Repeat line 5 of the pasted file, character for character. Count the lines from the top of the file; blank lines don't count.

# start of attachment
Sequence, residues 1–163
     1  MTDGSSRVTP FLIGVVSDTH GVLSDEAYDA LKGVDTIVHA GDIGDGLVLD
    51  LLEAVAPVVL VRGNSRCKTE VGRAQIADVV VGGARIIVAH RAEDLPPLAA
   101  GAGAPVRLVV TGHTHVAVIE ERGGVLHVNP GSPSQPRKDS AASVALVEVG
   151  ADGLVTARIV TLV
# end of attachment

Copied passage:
   151  ADGLVTARIV TLV